well within the prescribed limits. For medium and major questions the answers
should be written in about 300 and 500-700 words respectively.
To conclude, it can be suggested that the consultation of authentic standard
reference books is crucial in the success-oriented preparation of Public
Administration. The growing popularity of the subject should not lead to an
impression that satisfactory performance is possible on the basis of general
readings and superficial knowledge. This statement is not to discoverage the
aspirants but to acquaint the prospective candidates with the hard realties
which one has to accept in the right earnest. Wishing you all best.
Q. 12. Please suggest some essential readings to prepare Public
Ans. Since the preparation of Preliminary & Main examinations requires
different orientations, the suggested readings for the two is being illustrated
under separate heading.
1. Introduction to the Study of Public Administration —L.D. White
2. Public Administration —A.R. Tyagi
3. Public Administration in Theory and Practice
—M.P. Sharma & B.L. Sadana
4. Administrative Thinkers —Prasad & Prasad
5. Public Administration —Avasthi & Maheshwari
6. Public Administration —Mohit Bhattacharya
1. Financial Administration : Financial Administration in India
— M.J.K. Thavaraj
2. Comparative Administration : Public Administration : A Comparative
Perspective (Topic No. 5 & 6) —Ferrel Heady
3. Administrative Behaviour : Administrative Behaviour (In press) —Rajiv Ranjan
4. Indian Administration —Avasthi & Avasthi
5. Constitution of India —D.D. Basu.
Relevant Topics : 1. Union Executive 2. State Executive 3. Centre-State
Relations 4. Public Services & Public Service Commission 5. Rights & Liabilities
of Civil Servants.
1. Introduction to the study of Public Administration —L.D. White
2. Public Administration —Mohit Bhattacharya
3. Administrative Thinkers —Prasad & Prasad
4. Public Administration —A.R. Tyagi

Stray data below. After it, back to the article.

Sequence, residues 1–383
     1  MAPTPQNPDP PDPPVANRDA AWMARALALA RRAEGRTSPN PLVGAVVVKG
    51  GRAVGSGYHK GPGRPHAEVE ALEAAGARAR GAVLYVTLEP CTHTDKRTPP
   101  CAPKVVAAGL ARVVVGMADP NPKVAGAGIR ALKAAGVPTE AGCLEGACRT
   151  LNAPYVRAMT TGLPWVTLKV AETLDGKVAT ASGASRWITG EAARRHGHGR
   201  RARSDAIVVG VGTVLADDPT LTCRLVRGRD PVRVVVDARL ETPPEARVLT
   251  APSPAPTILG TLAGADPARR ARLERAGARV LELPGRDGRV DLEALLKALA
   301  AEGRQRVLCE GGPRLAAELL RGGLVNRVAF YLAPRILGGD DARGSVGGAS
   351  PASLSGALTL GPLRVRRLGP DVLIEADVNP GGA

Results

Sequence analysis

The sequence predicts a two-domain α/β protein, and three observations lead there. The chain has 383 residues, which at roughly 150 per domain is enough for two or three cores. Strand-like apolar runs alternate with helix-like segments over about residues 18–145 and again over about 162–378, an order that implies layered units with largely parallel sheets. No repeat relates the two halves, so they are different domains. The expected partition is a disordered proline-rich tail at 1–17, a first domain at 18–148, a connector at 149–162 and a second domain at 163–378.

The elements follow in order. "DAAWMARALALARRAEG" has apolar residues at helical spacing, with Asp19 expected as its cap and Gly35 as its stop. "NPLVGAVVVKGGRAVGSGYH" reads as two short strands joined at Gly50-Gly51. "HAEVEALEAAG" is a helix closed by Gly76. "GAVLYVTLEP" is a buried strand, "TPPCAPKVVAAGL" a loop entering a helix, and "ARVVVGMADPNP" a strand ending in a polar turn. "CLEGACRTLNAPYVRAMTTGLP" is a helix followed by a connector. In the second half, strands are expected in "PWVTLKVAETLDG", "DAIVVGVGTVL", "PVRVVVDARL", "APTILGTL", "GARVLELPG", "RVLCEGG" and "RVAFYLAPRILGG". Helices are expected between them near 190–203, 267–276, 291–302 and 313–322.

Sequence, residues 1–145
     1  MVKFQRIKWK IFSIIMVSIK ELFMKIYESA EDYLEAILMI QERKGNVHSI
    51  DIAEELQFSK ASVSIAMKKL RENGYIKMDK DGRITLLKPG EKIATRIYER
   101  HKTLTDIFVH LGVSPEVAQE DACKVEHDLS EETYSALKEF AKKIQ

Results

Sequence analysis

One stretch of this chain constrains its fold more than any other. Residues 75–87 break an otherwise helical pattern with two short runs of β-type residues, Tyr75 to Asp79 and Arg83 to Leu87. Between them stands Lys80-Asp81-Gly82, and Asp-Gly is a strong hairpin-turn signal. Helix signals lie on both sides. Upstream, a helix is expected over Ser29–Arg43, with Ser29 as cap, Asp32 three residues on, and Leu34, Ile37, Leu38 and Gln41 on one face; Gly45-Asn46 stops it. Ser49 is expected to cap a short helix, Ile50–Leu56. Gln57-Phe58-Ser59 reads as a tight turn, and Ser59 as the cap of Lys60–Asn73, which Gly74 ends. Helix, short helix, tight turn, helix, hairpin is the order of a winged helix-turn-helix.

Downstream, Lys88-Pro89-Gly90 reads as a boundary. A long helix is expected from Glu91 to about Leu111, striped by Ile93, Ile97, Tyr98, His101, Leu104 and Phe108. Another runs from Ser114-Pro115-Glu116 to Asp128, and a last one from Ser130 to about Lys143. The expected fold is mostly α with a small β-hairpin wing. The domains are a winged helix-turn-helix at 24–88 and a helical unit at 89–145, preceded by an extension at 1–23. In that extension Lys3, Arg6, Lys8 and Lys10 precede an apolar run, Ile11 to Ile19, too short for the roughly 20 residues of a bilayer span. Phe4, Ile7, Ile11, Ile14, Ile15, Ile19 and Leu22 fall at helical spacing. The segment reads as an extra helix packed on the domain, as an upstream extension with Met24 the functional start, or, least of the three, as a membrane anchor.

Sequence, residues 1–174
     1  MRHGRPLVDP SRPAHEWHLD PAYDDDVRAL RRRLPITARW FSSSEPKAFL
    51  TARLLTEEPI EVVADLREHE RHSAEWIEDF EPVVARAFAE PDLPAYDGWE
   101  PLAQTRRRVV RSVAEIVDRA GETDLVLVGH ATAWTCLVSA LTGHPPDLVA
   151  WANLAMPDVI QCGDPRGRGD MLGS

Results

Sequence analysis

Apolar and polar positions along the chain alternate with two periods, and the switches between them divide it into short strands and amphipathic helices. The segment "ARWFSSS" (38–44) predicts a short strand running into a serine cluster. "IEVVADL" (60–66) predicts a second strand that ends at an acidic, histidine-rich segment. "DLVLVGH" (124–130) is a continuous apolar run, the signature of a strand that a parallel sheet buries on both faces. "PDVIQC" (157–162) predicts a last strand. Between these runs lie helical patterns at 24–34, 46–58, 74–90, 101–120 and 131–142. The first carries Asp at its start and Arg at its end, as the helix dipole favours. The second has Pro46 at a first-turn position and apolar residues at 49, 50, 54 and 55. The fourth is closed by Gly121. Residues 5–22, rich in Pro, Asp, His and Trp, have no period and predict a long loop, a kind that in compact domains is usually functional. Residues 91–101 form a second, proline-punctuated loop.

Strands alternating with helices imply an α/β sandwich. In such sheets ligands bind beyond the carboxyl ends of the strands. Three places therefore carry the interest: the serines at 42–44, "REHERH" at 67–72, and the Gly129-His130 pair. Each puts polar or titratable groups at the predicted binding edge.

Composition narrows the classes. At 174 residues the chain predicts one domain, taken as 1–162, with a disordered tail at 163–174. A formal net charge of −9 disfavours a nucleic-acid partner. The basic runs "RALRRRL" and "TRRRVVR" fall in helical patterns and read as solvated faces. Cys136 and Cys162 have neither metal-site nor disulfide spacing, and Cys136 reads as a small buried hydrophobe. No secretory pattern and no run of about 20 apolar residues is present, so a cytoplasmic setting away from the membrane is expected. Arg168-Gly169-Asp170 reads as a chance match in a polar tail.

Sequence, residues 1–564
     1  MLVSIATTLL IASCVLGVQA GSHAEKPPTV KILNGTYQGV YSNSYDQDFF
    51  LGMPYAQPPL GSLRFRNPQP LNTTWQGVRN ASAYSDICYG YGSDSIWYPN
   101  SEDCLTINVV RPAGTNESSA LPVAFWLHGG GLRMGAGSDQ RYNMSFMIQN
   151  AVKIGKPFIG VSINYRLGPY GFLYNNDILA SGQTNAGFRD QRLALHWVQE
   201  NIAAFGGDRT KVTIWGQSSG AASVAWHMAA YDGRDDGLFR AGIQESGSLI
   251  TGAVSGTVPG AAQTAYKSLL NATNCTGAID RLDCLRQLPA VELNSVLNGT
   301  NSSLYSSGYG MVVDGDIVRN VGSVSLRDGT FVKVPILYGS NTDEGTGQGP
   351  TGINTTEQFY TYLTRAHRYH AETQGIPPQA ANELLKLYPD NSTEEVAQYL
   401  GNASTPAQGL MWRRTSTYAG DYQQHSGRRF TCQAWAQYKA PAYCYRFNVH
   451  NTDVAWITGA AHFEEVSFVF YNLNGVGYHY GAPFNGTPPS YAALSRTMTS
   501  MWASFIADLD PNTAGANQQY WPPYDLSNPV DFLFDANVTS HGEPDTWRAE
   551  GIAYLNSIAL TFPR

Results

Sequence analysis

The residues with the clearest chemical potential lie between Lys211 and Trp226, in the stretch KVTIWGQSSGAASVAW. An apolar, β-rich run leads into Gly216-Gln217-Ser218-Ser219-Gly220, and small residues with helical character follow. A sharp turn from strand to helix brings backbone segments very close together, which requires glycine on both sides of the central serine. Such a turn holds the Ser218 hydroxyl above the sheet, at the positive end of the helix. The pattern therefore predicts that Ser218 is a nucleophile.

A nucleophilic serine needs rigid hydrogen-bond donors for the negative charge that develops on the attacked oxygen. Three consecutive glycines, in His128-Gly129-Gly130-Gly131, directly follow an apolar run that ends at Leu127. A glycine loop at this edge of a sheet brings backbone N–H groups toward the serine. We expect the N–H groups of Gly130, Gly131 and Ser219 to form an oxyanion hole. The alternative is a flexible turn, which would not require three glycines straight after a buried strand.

5. Public Administration —C.P. Bhambri
1. Basic premises : Modern Public Administration —Nigro & Nigro
2. Vaid’s Fundamentals of Public Admninistrative Series (Ashtam Prakashan)
(i) Principles of Organisation and Comparative Public Administration
(ii) Administrative Behaviour
3. Personnel Administration : Public Personnel Administration
—O. Glenn. Stahl
4. Administrative Law : Administrative Law —M.P. Jain
5. Comparative and Development Administration :
Comparative Public Administration —R.K. Arora
6. Public Policy : Public Policy —R.K. Sapru
1. Constitution of India —D.D. Basu
2. Indian Administration —Avasthi & Avasthi
3. Administrative Reform Commission (ARC) Report on
(a)Machinery of Planning
4. Public Administration —A.R. Tyagi
5. Issues in Indian Administration —R.B. Jain
6. Special volumes of Indian Journal of Public Administration
Specific Topics :
1. Evolution of Indian Administration : NCERT books (Class XI & XII) on
Indian History : Administrative portion.
2. Centre-State Relations : A brief reference to Sarkaria Commission Report.
3. Public Undertakings : Principles and Practices of Public Enterprise
4. Control of Public Expenditure : Financial Administration in India—M.J.K.
5. State Administration : State Administration—J.D. Shukla
6. District Administration : District Administration—S.S. Khera
7. Local Administration : Local Government in India—S.R. Maheshwari
8. Administration for Welfare : Social Welfare Administration—D. Paul Choudhary
Annual Report of Department of Justice & Empowerment